Nathaniel Purple by F.D. Reeve. St. Johnsbury, Vermont: Voyage/Brigantine Media, 2011. 128 pp.
In this short book, poet and novelist F.D. Reeve has condensed a lifetime love affair with Vermont into a richly colored prose eclogue. The mythic progress of a feud, murder and fire in a small town, from late autumn to early spring, from funeral to dancehall, from fisticuffs to a kind of divine retribution, climaxes in an astonishingly visual and aural nine-page scene of a barn burning. Each of its sixteen chapters, some only a few pages long, is narrated by the title character, Nathaniel Purple, and varies in tone, style and emphasis, as do his thoughts, memories and emotions. The story is set inside his head—a fascinating place to visit.
Nathaniel Purple, librarian, lover and volunteer fireman, is a man of many sources, citing Musil, Swedenborg, Balzac, Thoreau and Rabelais as easily as the Bible, Shakespeare and the local Chamber of Commerce brochure. The best-read man in town, he professionally catalogues the references and links he finds between life and literature. By juxtaposing the crises of a small town and the classics from its library, Reeve deliciously heightens the bawdy, bucolic, tragic and transcendent. But Nathaniel is also a man of action, finding himself at various times thwarting an attack on a girl in a feed store, swept up in a vengeful posse and triumphantly herding cattle through town with his pick-up. Reeve has said of his early mentor, the literary critic, poet and autodidact R.P. Blackmur, that he “let me know that a life among books was worthy of an honest man.”
A few of the author’s and character’s references are frustrating, at least for those of us who feel we still have languages to learn and much of literature to explore. To enjoy how Nathaniel reacts to a boy’s request for Robert Musil’s “A Man Without Qualities” by wondering “What’s going to happen to the cows?” (a question Reeve’s book answers with a flourish), I will now have to finish Musil’s book. Some chapters, thrusting us into the local diner and pub, are mostly dialogue, which can be bewildering. The effect is to make the reader an outsider, ignorant of the village’s complex history but immersed in its voices. By degrees, however, we come to recognize the village vices: land greed, sexual envy, murderous rage, spite; and are a bit surprised, along with our narrator, to meet its virtues—tolerance, kindness and humor.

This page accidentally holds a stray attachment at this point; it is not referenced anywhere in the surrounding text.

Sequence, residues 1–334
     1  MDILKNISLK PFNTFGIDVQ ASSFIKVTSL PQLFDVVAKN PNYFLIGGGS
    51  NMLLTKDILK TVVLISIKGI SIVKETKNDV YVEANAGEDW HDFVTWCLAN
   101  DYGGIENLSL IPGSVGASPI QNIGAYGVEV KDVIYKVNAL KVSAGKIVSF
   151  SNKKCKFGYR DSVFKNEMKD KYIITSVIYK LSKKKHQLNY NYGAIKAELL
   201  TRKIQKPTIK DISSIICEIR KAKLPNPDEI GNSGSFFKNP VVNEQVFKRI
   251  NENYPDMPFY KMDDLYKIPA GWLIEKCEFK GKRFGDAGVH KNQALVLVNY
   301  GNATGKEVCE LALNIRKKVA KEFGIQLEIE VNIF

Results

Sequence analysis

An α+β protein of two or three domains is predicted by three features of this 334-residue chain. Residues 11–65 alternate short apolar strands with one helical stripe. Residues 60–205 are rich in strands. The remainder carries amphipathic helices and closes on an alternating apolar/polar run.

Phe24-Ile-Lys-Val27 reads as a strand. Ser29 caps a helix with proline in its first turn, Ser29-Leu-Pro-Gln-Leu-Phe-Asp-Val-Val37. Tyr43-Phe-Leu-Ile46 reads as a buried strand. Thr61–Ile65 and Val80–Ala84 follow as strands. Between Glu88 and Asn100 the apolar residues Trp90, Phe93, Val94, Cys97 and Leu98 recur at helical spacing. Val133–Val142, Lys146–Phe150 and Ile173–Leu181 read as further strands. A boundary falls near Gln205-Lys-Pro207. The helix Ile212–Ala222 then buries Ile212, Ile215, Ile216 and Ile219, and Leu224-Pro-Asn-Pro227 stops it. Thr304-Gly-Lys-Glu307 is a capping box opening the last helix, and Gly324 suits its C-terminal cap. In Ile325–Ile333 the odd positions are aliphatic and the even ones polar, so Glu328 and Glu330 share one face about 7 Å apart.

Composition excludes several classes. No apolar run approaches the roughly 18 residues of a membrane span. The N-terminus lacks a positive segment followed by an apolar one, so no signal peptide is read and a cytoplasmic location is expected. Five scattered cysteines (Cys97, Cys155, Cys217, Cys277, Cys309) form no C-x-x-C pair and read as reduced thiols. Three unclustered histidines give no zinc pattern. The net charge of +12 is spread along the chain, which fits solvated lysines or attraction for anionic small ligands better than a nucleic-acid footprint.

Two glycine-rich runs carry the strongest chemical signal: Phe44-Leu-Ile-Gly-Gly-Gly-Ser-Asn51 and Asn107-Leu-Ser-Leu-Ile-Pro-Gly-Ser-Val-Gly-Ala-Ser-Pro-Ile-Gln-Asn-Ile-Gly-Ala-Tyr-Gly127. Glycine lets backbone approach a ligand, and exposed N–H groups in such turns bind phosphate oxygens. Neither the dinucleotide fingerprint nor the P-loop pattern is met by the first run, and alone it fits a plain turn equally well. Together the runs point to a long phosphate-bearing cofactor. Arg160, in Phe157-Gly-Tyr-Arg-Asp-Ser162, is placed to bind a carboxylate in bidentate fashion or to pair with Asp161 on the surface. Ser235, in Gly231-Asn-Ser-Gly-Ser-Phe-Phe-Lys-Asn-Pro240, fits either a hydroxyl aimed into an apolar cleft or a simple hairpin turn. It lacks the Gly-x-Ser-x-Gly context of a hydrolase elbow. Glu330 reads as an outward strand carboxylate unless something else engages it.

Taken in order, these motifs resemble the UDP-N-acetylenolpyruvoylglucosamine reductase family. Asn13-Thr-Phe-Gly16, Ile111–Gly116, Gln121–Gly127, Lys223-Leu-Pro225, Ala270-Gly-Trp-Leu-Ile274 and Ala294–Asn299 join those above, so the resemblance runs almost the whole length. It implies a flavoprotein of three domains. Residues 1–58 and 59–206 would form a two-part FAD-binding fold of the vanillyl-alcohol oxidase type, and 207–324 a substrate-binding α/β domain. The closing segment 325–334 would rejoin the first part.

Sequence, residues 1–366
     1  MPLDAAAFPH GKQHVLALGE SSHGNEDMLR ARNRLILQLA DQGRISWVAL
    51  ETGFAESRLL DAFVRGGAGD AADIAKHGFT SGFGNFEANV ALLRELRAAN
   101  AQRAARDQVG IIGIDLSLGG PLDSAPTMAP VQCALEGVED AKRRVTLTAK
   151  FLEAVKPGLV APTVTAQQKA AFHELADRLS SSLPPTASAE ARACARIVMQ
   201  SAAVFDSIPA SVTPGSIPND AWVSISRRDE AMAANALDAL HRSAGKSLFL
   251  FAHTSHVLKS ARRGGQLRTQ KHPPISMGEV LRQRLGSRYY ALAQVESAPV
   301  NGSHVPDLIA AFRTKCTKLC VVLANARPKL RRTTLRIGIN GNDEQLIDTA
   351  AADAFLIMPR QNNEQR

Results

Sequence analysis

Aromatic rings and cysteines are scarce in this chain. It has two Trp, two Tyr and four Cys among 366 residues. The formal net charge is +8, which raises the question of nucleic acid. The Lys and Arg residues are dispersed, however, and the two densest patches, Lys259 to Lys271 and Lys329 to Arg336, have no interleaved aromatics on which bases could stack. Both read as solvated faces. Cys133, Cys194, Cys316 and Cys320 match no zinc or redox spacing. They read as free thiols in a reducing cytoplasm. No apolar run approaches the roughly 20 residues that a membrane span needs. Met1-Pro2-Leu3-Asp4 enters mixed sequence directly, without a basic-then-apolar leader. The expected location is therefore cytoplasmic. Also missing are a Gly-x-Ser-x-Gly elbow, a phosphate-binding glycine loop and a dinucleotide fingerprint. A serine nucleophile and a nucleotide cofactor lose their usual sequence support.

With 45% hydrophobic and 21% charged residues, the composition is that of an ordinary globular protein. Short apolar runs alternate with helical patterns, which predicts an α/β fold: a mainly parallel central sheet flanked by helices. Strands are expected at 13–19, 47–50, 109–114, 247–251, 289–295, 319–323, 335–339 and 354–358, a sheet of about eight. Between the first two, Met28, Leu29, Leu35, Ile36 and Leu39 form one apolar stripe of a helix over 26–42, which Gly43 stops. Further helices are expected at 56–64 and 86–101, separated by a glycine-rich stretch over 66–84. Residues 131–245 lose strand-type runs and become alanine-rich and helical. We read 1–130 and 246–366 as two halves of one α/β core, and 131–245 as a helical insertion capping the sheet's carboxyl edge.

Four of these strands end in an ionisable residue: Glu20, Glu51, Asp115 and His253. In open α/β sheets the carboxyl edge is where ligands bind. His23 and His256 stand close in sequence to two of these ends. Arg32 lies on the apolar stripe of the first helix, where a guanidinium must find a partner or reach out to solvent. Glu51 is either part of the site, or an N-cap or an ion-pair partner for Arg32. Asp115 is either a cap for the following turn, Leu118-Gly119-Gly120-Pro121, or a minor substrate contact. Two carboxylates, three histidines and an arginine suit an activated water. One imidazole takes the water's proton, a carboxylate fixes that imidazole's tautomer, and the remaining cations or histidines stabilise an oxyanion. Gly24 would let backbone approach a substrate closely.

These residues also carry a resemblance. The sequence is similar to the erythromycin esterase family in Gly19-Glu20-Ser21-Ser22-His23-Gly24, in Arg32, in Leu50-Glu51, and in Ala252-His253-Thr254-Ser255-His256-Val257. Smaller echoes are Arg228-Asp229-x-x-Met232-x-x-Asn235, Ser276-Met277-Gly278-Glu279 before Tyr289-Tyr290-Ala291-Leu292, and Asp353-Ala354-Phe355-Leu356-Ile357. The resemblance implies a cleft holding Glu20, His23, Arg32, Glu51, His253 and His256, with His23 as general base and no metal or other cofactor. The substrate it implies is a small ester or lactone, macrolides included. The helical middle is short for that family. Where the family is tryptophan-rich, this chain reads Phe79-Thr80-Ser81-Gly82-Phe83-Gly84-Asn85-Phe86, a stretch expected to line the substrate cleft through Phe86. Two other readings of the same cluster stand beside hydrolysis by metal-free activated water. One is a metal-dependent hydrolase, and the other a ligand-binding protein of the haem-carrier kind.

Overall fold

There are wonderful portraits in this book. Reeve first came to Vermont when Norman Rockwell painted there, and many of his characters are drawn with Rockwell’s closely observed mixture of empathy and chagrin, but without his sentimentality. Reeve’s landscape is full of portraiture: “Through the trees, neighbors appeared in a cloud of masks as if disembodied. When you live in a village all your life, everyone is always present.” Reeve’s poetic powers of description convey the transition from the freshness of something seen anew, like “scarlet, mandarin and translucent canary maple leaves” to those same leaves gone sour after a flash of anger, “curled brown, red and yellow.”
As he describes the ways memory intrudes on intimate conversations, I see Reeve’s connection to Robert Frost, another poet-portraitist of New England life, with whom he traveled to Russia in 1962 as translator. Incongruous, humorous or portentious (but never simply stray) thoughts of things read and lived pervade Reeve’s love stories of man and woman growing up together, of man and horse in silent appreciation of the seasons, of man and dog getting drunk together. Nathaniel asks his mare, Crystal, whether she recognizes an (unattributed) quotation from Shakespeare and then tells her to “…forget it. It’s uselessly ambiguous, isn’t it?” It’s a bit from Troilus and Cressida about marital infidelity, law and justice—central to Nathaniel Purple’s tragic core—but he laughs and they trot off.
In Literary Place, an essay on poetry, Reeve wrote that place cannot be separated from character. Of Vermont, he kept “…looking for ways to express its indifferent magnificence, but the danger of sentimentalizing it restrains me.” In this novel, Reeve has found his way past that danger. Every sentiment conveys a history of sentiment: when his villagers finally celebrate a kind of justice done, they dance with joyful abandon to music with the grim, fateful lyrics of ancient ballads. “All writing, all painting, all music and all art are only efforts to get closer to defining the one, ultimate place where we suppose we’ll know exactly who we are.” Nathaniel Purple speaks of his library—his place—first as an observatory and finally as a treasury, as is this book.